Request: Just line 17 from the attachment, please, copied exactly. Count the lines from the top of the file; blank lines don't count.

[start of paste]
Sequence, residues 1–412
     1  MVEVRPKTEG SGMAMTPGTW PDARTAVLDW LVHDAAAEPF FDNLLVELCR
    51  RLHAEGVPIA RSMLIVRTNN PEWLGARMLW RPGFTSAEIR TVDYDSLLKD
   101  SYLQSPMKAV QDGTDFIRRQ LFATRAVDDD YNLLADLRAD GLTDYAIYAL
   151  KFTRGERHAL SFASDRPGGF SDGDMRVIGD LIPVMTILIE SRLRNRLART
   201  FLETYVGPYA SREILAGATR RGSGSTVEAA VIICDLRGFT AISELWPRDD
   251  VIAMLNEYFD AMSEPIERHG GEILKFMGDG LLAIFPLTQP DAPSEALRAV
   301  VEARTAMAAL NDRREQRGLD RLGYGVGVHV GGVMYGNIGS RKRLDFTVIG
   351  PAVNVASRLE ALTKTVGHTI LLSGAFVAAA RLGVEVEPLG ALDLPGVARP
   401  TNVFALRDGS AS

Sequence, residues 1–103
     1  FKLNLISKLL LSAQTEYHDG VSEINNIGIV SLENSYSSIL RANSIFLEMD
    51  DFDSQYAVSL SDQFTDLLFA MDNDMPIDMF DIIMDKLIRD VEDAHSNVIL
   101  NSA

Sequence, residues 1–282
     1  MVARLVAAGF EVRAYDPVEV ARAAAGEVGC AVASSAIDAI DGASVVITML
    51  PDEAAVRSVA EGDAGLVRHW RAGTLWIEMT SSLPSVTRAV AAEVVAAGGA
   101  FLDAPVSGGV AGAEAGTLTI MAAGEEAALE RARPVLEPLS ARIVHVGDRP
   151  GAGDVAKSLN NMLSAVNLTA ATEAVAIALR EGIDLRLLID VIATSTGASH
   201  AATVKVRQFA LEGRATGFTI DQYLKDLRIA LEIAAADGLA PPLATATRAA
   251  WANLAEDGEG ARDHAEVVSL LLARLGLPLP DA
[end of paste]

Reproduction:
    51  PDEAAVRSVA EGDAGLVRHW RAGTLWIEMT SSLPSVTRAV AAEVVAAGGA